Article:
Italy delays handover of Ilva steelworks to ArcelorMittal
ROME, June 27 (Reuters) – Italy’s new government has postponed its planned handover of the heavily polluting Ilva steel plant, Europe’s largest, to ArcelorMittal by two and a half months to Sept. 15 as Rome seeks more time to rejig the terms of the deal.
The plant in southern Italy has been under state-supervised special administration since 2015, after magistrates said it must be cleaned up or closed. ArcelorMittal, the world’s largest steelmaker, agreed last year to buy it and fix its problems.
ArcelorMittal was due to take over Ilva on July 1, but Industry Minister Luigi Di Maio, whose party has long campaigned to close the plant, said on Tuesday evening the handover would be delayed.
“I am evaluating every possible impact related to the decisions I will have to make. Impact in environmental, social, economic and employment terms”, Di Maio said in a statement.
ArcelorMittal declined to comment.
Di Maio said Ilva would not need a bridge loan to cover its production costs in the coming months.
The industry minister is the head of the 5-Star Movement, which governs in coalition with far-right League. 5-Star has campaigned for years to close Ilva, but rather than tear up the deal with ArcelorMittal, he has begun talks with business leaders, local officials and trades unions.
The discussions point to the kind of compromise 5-Star will have to make with the pro-business League — which wants the plant to remain open — to maintain their partnership.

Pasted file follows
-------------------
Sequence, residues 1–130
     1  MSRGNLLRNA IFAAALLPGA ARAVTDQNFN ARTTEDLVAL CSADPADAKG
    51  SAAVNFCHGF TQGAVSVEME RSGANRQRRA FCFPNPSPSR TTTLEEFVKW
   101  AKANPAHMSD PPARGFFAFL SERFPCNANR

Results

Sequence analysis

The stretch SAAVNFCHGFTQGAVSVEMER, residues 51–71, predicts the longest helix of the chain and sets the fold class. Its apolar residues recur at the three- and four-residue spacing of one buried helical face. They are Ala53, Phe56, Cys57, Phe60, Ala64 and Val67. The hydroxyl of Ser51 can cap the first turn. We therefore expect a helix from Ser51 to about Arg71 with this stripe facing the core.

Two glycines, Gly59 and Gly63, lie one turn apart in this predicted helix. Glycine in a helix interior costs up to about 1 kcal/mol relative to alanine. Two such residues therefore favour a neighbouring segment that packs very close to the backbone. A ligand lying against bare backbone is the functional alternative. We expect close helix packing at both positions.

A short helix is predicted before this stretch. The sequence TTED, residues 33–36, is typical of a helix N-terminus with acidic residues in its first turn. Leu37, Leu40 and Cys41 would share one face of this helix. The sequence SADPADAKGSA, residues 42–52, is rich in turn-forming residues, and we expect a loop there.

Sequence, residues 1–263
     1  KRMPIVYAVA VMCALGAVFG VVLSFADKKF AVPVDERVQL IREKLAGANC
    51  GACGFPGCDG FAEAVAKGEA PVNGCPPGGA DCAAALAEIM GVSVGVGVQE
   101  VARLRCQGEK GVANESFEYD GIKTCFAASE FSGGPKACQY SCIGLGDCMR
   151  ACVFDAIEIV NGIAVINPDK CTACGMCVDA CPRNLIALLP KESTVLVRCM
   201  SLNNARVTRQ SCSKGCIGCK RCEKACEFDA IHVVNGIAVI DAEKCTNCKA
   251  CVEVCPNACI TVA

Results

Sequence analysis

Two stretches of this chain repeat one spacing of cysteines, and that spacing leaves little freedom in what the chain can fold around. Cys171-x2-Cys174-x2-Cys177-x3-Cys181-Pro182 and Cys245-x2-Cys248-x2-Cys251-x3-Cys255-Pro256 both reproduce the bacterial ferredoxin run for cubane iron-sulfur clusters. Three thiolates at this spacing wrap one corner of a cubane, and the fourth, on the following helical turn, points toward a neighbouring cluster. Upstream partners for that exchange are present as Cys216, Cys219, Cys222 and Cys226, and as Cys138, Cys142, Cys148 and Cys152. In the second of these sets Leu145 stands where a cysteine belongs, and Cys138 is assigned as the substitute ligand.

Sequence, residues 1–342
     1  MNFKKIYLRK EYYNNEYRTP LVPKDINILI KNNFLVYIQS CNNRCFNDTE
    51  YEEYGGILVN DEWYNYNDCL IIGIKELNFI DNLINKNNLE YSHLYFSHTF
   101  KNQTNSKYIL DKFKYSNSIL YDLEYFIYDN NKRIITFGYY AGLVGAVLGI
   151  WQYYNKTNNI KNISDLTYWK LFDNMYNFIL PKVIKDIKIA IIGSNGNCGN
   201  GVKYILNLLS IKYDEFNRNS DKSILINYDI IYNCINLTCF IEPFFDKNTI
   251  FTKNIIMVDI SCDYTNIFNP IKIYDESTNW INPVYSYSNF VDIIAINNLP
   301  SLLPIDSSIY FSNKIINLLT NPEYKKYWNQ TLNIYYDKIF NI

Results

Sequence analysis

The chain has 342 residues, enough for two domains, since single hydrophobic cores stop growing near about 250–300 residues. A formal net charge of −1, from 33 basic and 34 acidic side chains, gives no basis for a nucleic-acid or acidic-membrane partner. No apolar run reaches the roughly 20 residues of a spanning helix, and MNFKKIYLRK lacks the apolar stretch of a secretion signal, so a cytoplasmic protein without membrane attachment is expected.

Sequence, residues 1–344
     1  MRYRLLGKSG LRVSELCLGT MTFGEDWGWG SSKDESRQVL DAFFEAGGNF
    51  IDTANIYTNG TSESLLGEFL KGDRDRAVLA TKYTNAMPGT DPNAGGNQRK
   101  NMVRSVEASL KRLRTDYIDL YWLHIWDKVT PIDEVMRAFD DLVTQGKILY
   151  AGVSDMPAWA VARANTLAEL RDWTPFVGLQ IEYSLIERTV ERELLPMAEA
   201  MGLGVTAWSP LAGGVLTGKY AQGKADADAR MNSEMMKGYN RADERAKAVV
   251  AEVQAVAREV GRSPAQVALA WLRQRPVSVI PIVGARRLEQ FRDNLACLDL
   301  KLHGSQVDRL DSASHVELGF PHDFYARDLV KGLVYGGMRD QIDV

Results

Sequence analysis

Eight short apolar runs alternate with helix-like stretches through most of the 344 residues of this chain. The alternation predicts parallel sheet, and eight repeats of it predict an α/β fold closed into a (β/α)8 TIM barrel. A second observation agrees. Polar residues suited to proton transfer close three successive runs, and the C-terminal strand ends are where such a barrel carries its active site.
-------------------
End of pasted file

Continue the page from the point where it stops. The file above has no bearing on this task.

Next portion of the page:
Ilva has been dogged by charges of corruption and environmental crime for years, charges that it denies.
In 2012, Italian authorities ruled that emissions from the plant had caused deaths, tumours and respiratory diseases. The state took full control in 2015 and about half Ilva’s annual 11 million-tonne capacity was eventually mothballed.
ArcelorMittal reached a 1.8-billion-euro deal with the previous Italian government to buy the troubled steelmaker.
It pledged to invest another 2.3 billion euros to clean up and modernise the plant but said it wanted to cut 5,500 jobs out of a total of 14,000 by 2023.
The Indian steel giant has still not reached an agreement on job cuts it could agree to and a delay could help it find a compromise with Rome’s help, one of the sources said.
At the March 4 general elections, the 5-Star movement won almost 50 percent of the plant’s host city, Taranto, one of the strongest showings for the movement anywhere in Italy.
“We intend to honour those extraordinary results,” Di Maio said. “Each decision will be taken with responsibility”.
(Reporting by Massimiliano Di Giorgio and Maytaal Angel; writing by Giselda Vagnoni; Editing by Mark Bendeich)